UK Walking Locations – The Cambrian Mountains

The Cambrian Mountains

The Cambrian Mountains is not a National Park, however does represent a fantastic opportunity for walkers and hikers to explore and area between Snowdonia and the Brecon Beacons that is predominantly a mountainous area and contains a number of different walks and challenging experiences.

The area was original proposed as a National Park in the 1950’s, however it’s been rejected many times over the last 50 years mainly due to the local authorities and local farmers in the area who use this land to graze their farm animals which would not be easily possible if this area was a National Park.

To the North of the Cambrian Mountains is Plynlimon which also includes the highest summit in the region which also takes the areas name of Plynlimon and comes with a peak of 2,400 Ft. The views at the summit are fantastic especially on a clear day where hikers can view the whole of upland Wales. To the South contains both the A44 which is the only mountain road which is routed directly through the middle of this mountain range, and Elenydd (pronounced "Elennith") is a massive area of rolling moorland and valleys.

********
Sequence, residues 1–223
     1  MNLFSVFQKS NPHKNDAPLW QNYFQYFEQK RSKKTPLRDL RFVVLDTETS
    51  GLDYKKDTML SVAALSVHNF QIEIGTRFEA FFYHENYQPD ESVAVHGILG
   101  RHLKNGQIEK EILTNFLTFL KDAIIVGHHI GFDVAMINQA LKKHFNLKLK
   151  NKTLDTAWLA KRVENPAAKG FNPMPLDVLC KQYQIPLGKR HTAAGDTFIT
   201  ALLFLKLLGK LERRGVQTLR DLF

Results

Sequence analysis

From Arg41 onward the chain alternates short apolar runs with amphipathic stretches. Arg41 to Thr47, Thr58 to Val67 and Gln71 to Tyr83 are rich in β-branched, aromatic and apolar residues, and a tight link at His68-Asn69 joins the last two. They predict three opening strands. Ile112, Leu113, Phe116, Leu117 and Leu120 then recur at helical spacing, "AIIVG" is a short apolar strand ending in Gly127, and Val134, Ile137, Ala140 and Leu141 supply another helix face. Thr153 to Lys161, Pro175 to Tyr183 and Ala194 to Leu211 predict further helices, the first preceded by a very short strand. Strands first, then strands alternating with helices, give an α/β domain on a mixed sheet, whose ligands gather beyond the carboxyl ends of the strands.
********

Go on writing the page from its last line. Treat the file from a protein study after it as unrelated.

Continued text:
The most distinctive feature in this area is the Elan Valley which offer walkers fantastic easy walking conditions with some fantastic day-walking routes that even the most novice of walker will manage.  The area is very mountainous and contains 15 summit over 2,000Ft with the highest being Plynlimon which as over 2,500Ft offers a challenging walk and some fantastic views from the top.

The vegetation in this area is predomately grassland moors meaning that whilst this hillside is quite steep, it comes with easy footing and therefore very easy to accomplish even for the most novice of hikers. If you want a real challenge, then how about the Drygarn Fawr Peak which whilst not the highest point in the area at just over 2,100 Ft, it’s a very difficult climb and one that you will need to take some specialist equipment for given that parts of it are very steep and extremely slippery.

If you’re going to walk in this area, you will need take some precautions with you given that there is very little nearby help. The region is commonly known as the "Green Desert of Wales" because other than countryside and moorland there is very little else in the region. The are no sizeable towns or villages in the area and given that the region is either mountainous or valley’s that easy flood after heavy rain, very few people live in the area. This does have the added benefit that if you do choose to hike in this area, it’s likely that you will have the hillside to yourself. We have spent a weekend walking in this area, and not see a single other person.

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